A federal judge sentenced the former prosecuting attorney of Mingo County on Monday to a year in prison and said he would have given him longer — possibly much longer — if he could.
Michael Sparks, 44, pleaded guilty last year to one count of deprivation of rights under the color of law, a misdemeanor. He admitted he took part in a scheme to deprive George White of his right to have the attorney of his choice.
U.S. District Judge Thomas Johnston sentenced Sparks to the statutory maximum the charge carries, despite Sparks’ lengthy plea for an alternative sentence, like home confinement.
“You had an obligation as a prosecutor to treat George White in a fair and just manner. However instead of justice, you gave him injustice,” Johnston said. “This sentence needs to repeat, repeat the message that corruption must come to an end in Mingo County and Southern West Virginia.
“Ultimately, the citizens of Mingo County and Southern West Virginia must stand up against political corruption. They should have confidence that serious penalties will await those who perpetuate political corruption in Mingo County and Southern West Virginia in the future,” the judge said.
Sparks, who had been Mingo County’s prosecuting attorney since 2005 until he resigned last year, is the fourth county official to be sentenced this year in a corruption probe by U.S. Attorney Booth Goodwin’s office.
“This sentence strikes an appropriate balance,” Goodwin said Monday. “It punishes wrongdoing while encouraging officials involved in public corruption to come forward, admit what they’ve done, and help federal authorities. What Sparks did was indefensible, and he deserves prison time. But his early cooperation was vital to our investigation in Mingo County.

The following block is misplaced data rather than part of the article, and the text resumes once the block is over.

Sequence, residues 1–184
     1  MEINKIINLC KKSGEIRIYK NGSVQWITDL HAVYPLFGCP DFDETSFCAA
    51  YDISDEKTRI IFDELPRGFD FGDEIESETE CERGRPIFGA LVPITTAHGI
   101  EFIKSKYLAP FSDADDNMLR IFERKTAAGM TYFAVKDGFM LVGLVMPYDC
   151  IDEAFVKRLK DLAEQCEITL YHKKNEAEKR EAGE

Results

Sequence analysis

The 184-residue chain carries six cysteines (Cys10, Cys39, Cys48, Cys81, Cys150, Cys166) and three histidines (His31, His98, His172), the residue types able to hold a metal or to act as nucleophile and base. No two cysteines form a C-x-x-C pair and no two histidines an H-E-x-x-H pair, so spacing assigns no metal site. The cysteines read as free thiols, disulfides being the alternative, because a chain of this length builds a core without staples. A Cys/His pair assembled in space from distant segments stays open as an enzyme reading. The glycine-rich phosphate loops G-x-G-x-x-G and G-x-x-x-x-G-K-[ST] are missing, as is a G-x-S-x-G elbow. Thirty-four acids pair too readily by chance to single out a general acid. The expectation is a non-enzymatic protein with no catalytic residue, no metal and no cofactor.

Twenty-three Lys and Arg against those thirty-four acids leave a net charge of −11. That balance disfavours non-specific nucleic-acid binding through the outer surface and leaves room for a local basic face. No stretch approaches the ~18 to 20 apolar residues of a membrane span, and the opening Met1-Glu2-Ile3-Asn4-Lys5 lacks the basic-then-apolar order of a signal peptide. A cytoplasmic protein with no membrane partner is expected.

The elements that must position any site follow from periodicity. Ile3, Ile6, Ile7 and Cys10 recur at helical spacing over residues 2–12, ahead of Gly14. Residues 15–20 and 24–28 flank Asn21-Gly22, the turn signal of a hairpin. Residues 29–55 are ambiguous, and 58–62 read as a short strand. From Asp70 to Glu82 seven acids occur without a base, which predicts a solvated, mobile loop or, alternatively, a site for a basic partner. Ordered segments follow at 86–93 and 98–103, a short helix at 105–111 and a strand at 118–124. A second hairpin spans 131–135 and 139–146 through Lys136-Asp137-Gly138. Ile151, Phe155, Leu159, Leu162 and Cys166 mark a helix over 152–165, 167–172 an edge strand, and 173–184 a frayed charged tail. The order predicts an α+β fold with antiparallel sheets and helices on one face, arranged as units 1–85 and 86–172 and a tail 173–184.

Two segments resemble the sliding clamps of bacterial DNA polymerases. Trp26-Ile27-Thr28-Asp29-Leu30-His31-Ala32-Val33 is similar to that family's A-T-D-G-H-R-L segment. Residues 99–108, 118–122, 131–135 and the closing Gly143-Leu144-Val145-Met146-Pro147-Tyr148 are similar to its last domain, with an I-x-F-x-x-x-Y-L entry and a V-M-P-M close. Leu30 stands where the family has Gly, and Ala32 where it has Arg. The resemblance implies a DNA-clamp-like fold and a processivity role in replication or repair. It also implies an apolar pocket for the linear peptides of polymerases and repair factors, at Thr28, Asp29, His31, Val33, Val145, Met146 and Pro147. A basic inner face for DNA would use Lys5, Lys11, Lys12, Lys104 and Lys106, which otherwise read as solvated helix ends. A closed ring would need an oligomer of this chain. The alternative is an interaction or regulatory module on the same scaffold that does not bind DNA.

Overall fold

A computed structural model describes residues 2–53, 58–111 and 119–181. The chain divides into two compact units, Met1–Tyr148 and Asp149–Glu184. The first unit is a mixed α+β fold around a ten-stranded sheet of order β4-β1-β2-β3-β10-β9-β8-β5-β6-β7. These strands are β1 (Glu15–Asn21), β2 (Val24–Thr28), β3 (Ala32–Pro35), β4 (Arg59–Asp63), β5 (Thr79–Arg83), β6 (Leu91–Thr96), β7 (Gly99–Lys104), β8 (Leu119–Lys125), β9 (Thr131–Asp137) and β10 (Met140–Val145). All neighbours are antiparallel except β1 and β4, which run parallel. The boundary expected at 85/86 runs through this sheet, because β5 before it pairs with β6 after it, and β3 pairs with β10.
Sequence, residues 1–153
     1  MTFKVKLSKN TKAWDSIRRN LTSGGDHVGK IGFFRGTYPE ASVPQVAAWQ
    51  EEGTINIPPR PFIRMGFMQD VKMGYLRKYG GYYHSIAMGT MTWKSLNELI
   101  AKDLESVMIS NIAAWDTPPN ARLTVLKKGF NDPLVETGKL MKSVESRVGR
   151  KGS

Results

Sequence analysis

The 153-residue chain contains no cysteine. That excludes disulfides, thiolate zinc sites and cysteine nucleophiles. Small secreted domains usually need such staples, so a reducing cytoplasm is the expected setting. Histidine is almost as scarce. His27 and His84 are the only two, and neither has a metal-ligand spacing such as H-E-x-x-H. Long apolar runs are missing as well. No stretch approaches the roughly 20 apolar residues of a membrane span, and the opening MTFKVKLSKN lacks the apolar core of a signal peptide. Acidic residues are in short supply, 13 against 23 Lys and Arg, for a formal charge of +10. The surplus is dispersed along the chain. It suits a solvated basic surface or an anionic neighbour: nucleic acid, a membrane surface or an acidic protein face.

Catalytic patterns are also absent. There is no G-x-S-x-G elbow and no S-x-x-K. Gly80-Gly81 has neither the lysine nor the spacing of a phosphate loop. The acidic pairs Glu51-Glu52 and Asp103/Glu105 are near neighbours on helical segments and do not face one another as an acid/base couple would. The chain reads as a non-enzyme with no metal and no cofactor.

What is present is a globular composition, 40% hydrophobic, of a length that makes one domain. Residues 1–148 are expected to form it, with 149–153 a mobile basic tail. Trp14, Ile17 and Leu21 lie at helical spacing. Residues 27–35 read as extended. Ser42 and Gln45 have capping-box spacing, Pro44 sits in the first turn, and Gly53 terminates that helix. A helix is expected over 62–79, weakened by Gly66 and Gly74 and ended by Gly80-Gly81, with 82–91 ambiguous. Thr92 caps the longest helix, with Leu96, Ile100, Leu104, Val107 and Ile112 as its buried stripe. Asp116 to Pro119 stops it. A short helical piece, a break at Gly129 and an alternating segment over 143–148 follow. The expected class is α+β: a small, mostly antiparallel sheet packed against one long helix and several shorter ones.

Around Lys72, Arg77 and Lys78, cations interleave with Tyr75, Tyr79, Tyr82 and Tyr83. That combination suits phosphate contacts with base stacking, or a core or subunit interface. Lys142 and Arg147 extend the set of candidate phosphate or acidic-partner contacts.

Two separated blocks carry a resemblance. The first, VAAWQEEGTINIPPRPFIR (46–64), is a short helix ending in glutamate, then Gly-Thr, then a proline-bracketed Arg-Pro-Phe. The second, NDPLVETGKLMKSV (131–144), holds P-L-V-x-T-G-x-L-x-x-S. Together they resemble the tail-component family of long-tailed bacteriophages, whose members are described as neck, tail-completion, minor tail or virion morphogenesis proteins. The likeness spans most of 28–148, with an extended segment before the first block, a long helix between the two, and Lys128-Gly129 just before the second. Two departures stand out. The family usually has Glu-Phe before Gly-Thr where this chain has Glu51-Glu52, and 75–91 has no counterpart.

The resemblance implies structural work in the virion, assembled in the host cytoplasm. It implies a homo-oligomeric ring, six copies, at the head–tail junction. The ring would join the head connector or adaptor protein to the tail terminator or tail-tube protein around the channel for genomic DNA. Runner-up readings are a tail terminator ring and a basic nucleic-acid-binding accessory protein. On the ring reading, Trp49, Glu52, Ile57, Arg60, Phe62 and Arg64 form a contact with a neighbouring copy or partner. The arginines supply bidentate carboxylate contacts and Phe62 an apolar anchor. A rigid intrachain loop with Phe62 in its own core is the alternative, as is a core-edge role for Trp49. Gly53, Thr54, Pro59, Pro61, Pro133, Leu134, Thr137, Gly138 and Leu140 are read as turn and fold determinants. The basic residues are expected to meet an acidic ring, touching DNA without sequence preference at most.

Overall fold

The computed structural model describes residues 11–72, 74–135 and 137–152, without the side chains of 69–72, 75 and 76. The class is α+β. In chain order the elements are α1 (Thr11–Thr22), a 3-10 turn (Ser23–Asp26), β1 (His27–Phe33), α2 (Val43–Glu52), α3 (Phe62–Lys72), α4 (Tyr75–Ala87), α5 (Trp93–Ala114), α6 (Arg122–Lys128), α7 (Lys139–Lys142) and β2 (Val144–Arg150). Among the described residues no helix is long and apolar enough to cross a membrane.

“This sentence underscores that telling the truth at the beginning of an investigation is always a smart decision,” Goodwin said.
Johnston said he understood why prosecutors chose to charge Sparks with the misdemeanor offense, despite his part in the same scheme that landed ex-Mingo circuit judge Michael Thornsbury a 50-month prison sentence from Johnston last month on a felony charge “with essentially the same set of facts.”
Assistant U.S. Attorney Steve Ruby told Johnston that corruption investigations rely on people like Sparks, who are willing to give up information.
Sparks provided the “initial crack in the wall,” Ruby previously wrote, that led to the convictions of Thornsbury and former county commissioner David Baisden.
Both men were also implicated in the plot to keep White, a Delbarton sign-maker, from telling federal agents he gave prescription painkillers to the county’s late sheriff, Eugene Crum. Baisden pleaded guilty in an unrelated matter and was never charged in connection to White.
“I’ve been described as the quarterback that guided the federal investigation to Thornsbury,” Sparks told Johnston.
However, “even given everything the defendant has done” to help the investigation, 12 months “should be the absolute minimum” for Sparks’ prison term, Ruby said.